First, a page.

7/7 Bombings 9/11 A1P1 Aarhus Abortion Abu Qatada Abuse Access to justice adoption AI air pollution air travel ALBA Allergy Al Qaeda Amnesty International animal rights Animals anonymity Article 1 Protocol 1 Article 2 article 3 Article 4 article 5 Article 6 Article 8 Article 9 article 10 Article 11 article 13 Article 14 article 263 TFEU Artificial Intelligence Asbestos Assange assisted suicide asylum asylum seekers Australia autism badgers benefits Bill of Rights biotechnology birds directive blogging Bloody Sunday brexit Bribery British Waterways Board Catholic Church Catholicism Chagos Islanders Charter of Fundamental Rights child protection Children children's rights China christianity circumcision citizenship civil liberties campaigners civil partnerships climate change clinical negligence closed material procedure Coercion Cologne Commission on a Bill of Rights common buzzard common law communications competition confidentiality confiscation order conscientious objection consent conservation constitution contact order contempt of court Control orders Copyright coronavirus costs costs budgets Court of Protection crime criminal law Criminal Legal Aid criminal records Cybersecurity Damages data protection death penalty declaration of incompatibility defamation DEFRA Democracy village deportation deprivation of liberty derogations Detention devolution Dignitas dignity Dignity in Dying diplomacy director of public prosecutions disability Disability-related harassment disciplinary hearing disclosure Discrimination Discrimination law disease divorce DNA doctors does it matter? domestic violence Dominic Grieve don't ask don't ask don't tell don't tell Doogan and Wood double conviction DPP guidelines drones duty of care ECHR economic and social rights economic loss ECtHR Education election Employment Environment environmental information Equality Act Equality Act 2010 ethics Ethiopia EU EU Charter of Fundamental Rights EU costs EU law European Convention on Human Rights European Court of Human Rights European Court of Justice european disability forum European Sanctions Blog Eurozone euthanasia evidence Exclusion extra-jurisdictional reach of ECHR extra-territoriality extradition extradition act extradition procedures extradition review extraordinary rendition Facebook Facebook contempt facial recognition fair procedures Fair Trial faith courts fake news Family family courts family law family legal aid Family life fatal accidents act Fertility fertility treatment FGM fisheries fishing rights foreign criminals foreign office foreign policy France freedom of assembly Freedom of Association Freedom of Expression freedom of information Freedom of Information Act 2000 freedom of movement freedom of speech free speech game birds gangbo gang injunctions Garry Mann gary dobson Gary McFarlane gay discrimination Gay marriage gay rights gay soldiers Gaza Gaza conflict Gender General Dental Council General Election General Medical Council genetic discrimination genetic engineering genetic information genetics genetic testing Google government Grenfell grooming Gun Control gwyneth paltrow gypsies habitats habitats protection Halsbury's Law Exchange hammerton v uk happy new year harassment Hardeep Singh Haringey Council Harkins and Edwards Health healthcare health insurance Heathrow heist heightened scrutiny Henry VII Henry VIII herd immunity hereditary disorder High Court of Justiciary Hirst v UK HIV HJ Iran HM (Iraq) v The Secretary of state for the home department [2010] EWCA Civ 1322 Holder holkham beach holocaust homelessness Home Office Home Office v Tariq homeopathy hooding Hounslow v Powell House of Commons Housing housing benefits Howard League for Penal Reform how judges decide cases hra damages claim Hrant Dink HRLA HS2 hs2 challenge hts http://ukhumanrightsblog.com/2011/04/11/us-state-department-reports-on-uk-human-rights/ Human Fertilisation and Embryology Act Human Fertilisation and Embryology Authority human genome human rights Human Rights Act Human Rights Act 1998 human rights advocacy Human rights and the UK constitution human rights commission human rights conventions human rights damages Human Rights Day human rights decisions Human Rights Information Project human rights news Human Rights Watch human right to education human trafficking hunting Huntington's Disease HXA hyper injunctions Igor Sutyagin illegality defence immigration Immigration/Extradition Immigration Act 2014 immigration appeals immigration detention immigration judge immigration rules immunity increase of sanction India Indonesia Infrastructure Planning Committee inherent jurisdiction inherited disease Inhuman and degrading treatment injunction Inquest Inquests insult insurance insurmountable obstacles intelligence services act intercept evidence interception interests of the child interim remedies international international conflict international criminal court international humanitarian law international human rights international human rights law international law international treaty obligations internet internet service providers internment internship inuit investigation investigative duty in vitro fertilisation Iran iranian bank sanctions Iranian nuclear program Iraq Iraqi asylum seeker Iraq War Ireland irrationality islam Israel Italy iTunes IVF ivory ban jackson reforms Janowiec and Others v Russia ( Japan Jason Smith Jeet Singh Jefferies Jeremy Corbyn jeremy hunt job Jogee John Hemming John Terry joint enterprise joint tenancy Jon Guant Joseph v Spiller journalism judaism judges Judges and Juries judging Judicial activism judicial brevity judicial deference judicial review Judicial Review reform judiciary Julian Assange jurisdiction jury trial JUSTICE Justice and Security Act Justice and Security Bill Justice and Security Green Paper Justice Human Rights Awards JUSTICE Human Rights Awards 2010 just satisfaction Katyn Massacre Kay v Lambeth Kay v UK Ken Clarke Ken Pease Kerry McCarthy Kettling Kings College Klimas koran burning Labour Lady Hale lansley NHS reforms LASPO Law Commission Law Pod UK Law Society Law Society of Scotland leave to enter leave to remain legal aid legal aid cuts Legal Aid desert Legal Aid Reforms legal blogs Legal Certainty legal naughty step Legal Ombudsman legal representation legitimate expectation let as a dwelling Leveson Inquiry Levi Bellfield lewisham hospital closure lgbtq liability Libel libel reform Liberal Democrat Conference Liberty libraries closure library closures Libya licence conditions licence to shoot life insurance life sentence life support limestone pavements limitation lisbon treaty Lithuania Litigation litvinenko live exports local authorities locked in syndrome london borough of merton London Legal Walk London Probation Trust Lord Bingham Lord Bingham of Cornhill Lord Blair Lord Goldsmith lord irvine Lord Judge speech Lord Kerr Lord Lester Lord Neuberger Lord Phillips Lord Rodger Lord Sumption Lord Taylor LSC tender luftur rahman machine learning MAGA Magna Carta mail on sunday Majority Verdict Malcolm Kennedy malice Margaret Thatcher Margin of Appreciation margin of discretion Maria Gallastegui marriage material support maternity pay Matthew Woods Mattu v The University Hospitals of Coventry and Warwickshire NHS Trust [2011] EWHC 2068 (QB) Maya the Cat Mba v London Borough Of Merton McKenzie friend Media and Censorship Medical medical liability medical negligence medical qualifications medical records medicine mental capacity Mental Capacity Act Mental Capacity Act 2005 Mental Health mental health act mental health advocacy mental health awareness Mental Health Courts Mental illness merits review MGN v UK michael gove Midwives migrant crisis Milly Dowler Ministerial Code Ministry of Justice Ministry of Justice cuts misfeasance in public office modern slavery morality morocco mortuaries motherhood Motor Neurone disease Moulton Mousa MP expenses Mr Gul Mr Justice Eady MS (Palestinian Territories) (FC) (Appellant) v Secretary of State for the Home Department murder murder reform Musician's Union Muslim NADA v. SWITZERLAND - 10593/08 - HEJUD [2012] ECHR 1691 naked rambler Naomi Campbell nationality National Pro Bono Week national security Natural England nature conservation naturism Nazi negligence Neuberger neuroscience Newcastle university news News of the World new Supreme Court President NHS NHS Risk Register Nick Clegg Nicklinson Niqaab Noise Regulations 2005 Northern Ireland nuclear challenges nuisance nursing nursing home Obituary Occupy London offensive jokes Offensive Speech offensive t shirt oil spill olympics open justice oppress OPQ v BJM orchestra Osama Bin Laden Oxford University paramountcy principle parental rights parenthood parking spaces parliamentary expenses parliamentary expenses scandal Parliamentary sovereignty Parliament square parole board passive smoking pastor Terry Jones patents Pathway Students Patrick Quinn murder Pensions persecution personal data Personal Injury personality rights perversity Peter and Hazelmary Bull PF and EF v UK Phil Woolas phone hacking phone taps physical and mental disabilities physician assisted death Pinnock Piracy Plagiarism planning planning human rights planning system plebgate POCA podcast points Poland Police police investigations police liability police misconduct police powers police surveillance Policy Exchange report political judges Politics Politics/Public Order poor reporting Pope Pope's visit Pope Benedict portal possession proceedings power of attorney PoW letters to ministers pre-nup pre-nuptial Pre-trial detention predator control pregnancy press press briefing press freedom Prince Charles prince of wales princess caroline of monaco principle of subsidiarity prior restraint prison Prisoners prisoners rights prisoners voting prisoner vote prisoner votes prisoner voting prison numbers Prisons prison vote privacy privacy injunction privacy law through the front door Private life private nuisance private use proceeds of crime Professional Discipline Property proportionality prosecution Protection of Freedoms Act Protection of Freedoms Bill Protest protest camp protest rights Protocol 15 psychiatric hospitals Public/Private public access publication public authorities Public Bodies Bill public inquiries public interest public interest environmental litigation public interest immunity Public Order Public Sector Equality Duty putting the past behind quango quantum quarantine Queen's Speech queer in the 21st century R (on the application of) v Secretary of State for the Home Department & Ors [2011] EWCA Civ 895 R (on the application of) v The General Medical Council [2013] EWHC 2839 (Admin) R (on the application of EH) v Secretary of State for the Home Department [2012] EWHC 2569 (Admin) R (on the application of G) v The Governors of X School Rabone and another v Pennine Care NHS Foundation Trust [2012] UKSC 2 race relations Rachel Corrie Radmacher Raed Salah Mahajna Raed Saleh Ramsgate raptors rehabilitation Reith Lectures Religion resuscitation RightsInfo right to die right to family life right to life Right to Privacy right to swim riots Roma Romania Round Up Royals Russia saudi arabia Scotland secrecy secret justice Secret trials security services sexual offence Sikhism Smoking social media social workers South Africa south african constitution Spain special advocates spending cuts Standing starvation statelessness stem cells stop and search Strasbourg super injunctions Supreme Court Supreme Court of Canada surrogacy surveillance swine flu Syria Tax Taxi technology Terrorism terrorism act tort Torture travel treason treaty accession trial by jury TTIP Turkey Twitter UK Ukraine unfair consultation universal jurisdiction unlawful detention USA US Supreme Court vaccination vicarious liability Wales War Crimes Wars Welfare Western Sahara Whistleblowing Wikileaks wildlife wind farms WomenInLaw Worboys wrongful birth YearInReview Zimbabwe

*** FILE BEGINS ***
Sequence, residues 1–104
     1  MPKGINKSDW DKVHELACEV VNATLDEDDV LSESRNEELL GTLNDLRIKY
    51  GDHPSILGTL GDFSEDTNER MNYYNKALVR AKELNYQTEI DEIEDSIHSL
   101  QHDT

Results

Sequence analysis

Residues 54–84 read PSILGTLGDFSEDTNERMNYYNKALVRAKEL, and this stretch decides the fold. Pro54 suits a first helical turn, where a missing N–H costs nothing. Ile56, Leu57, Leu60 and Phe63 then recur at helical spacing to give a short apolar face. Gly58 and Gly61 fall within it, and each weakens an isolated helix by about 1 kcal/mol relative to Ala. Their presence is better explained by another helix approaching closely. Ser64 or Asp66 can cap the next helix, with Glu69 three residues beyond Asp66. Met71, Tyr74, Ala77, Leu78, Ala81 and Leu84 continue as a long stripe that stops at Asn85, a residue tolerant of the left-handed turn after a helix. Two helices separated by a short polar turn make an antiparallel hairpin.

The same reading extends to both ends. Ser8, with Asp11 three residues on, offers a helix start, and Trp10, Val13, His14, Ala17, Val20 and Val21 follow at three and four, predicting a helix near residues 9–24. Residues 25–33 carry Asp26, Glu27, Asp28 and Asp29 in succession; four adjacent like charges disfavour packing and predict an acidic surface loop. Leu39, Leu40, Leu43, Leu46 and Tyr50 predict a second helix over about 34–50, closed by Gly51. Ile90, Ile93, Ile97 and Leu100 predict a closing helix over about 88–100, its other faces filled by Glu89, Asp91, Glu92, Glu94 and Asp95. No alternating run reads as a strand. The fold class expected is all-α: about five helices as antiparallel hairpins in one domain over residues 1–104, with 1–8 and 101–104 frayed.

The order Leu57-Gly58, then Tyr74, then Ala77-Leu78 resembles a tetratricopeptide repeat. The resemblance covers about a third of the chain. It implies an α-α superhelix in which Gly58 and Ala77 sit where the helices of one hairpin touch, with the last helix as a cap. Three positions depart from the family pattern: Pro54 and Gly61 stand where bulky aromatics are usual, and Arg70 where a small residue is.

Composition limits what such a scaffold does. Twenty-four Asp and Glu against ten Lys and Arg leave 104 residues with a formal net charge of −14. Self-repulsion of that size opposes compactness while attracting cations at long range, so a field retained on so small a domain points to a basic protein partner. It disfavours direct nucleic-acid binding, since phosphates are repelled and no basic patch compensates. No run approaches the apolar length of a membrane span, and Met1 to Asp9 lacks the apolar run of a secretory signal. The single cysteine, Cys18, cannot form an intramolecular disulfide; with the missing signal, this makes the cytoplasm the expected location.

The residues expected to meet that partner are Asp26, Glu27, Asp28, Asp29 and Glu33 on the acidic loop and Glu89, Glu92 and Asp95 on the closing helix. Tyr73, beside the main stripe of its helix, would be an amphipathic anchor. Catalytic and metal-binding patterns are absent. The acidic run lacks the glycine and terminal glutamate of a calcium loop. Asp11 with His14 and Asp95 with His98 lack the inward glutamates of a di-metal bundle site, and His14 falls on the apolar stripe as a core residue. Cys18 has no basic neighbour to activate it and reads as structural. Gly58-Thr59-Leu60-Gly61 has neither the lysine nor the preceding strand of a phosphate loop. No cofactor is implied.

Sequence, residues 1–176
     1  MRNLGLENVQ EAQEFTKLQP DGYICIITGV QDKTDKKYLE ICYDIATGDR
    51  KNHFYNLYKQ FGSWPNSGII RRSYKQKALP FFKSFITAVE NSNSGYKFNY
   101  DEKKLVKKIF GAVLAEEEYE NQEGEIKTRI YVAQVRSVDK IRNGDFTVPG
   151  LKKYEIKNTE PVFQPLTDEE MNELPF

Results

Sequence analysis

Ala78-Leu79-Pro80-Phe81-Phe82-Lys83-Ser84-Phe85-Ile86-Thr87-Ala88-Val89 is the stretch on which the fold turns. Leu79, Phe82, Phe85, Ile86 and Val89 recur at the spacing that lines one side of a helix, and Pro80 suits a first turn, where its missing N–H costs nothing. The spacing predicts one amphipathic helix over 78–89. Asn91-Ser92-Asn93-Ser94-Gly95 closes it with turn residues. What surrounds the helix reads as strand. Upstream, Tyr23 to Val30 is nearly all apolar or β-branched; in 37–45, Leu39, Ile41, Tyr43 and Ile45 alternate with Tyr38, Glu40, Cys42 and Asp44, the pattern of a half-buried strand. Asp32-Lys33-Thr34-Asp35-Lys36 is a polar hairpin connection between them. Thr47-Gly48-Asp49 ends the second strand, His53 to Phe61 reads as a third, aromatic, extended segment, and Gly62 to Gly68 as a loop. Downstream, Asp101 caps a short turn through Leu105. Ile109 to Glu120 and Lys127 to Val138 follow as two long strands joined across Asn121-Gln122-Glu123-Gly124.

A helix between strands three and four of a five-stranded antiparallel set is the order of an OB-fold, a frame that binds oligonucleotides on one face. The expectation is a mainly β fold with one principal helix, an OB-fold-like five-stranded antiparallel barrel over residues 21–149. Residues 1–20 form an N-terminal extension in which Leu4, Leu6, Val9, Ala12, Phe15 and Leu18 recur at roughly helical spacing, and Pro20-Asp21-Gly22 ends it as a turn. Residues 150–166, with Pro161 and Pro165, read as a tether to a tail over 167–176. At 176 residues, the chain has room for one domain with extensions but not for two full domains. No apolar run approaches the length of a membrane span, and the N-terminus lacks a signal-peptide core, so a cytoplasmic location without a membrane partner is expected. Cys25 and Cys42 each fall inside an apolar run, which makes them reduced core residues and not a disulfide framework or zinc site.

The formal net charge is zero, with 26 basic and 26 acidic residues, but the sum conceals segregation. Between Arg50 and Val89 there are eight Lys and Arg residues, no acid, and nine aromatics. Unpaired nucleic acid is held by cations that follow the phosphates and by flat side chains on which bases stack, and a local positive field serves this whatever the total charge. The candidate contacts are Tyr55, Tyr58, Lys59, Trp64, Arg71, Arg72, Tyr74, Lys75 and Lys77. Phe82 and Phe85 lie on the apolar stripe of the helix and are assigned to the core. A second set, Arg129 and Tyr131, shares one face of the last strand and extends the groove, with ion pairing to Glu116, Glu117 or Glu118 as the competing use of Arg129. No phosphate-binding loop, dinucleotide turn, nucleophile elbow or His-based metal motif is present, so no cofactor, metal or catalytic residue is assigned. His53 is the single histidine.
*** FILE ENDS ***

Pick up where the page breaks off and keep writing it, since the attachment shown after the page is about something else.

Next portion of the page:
Disclaimer


This blog is maintained for information purposes only. It is not intended to be a source of legal advice and must not be relied upon as such. Blog posts reflect the views and opinions of their individual authors, not of chambers as a whole.

Our privacy policy can be found on our ‘subscribe’ page or by clicking here.

%d bloggers like this: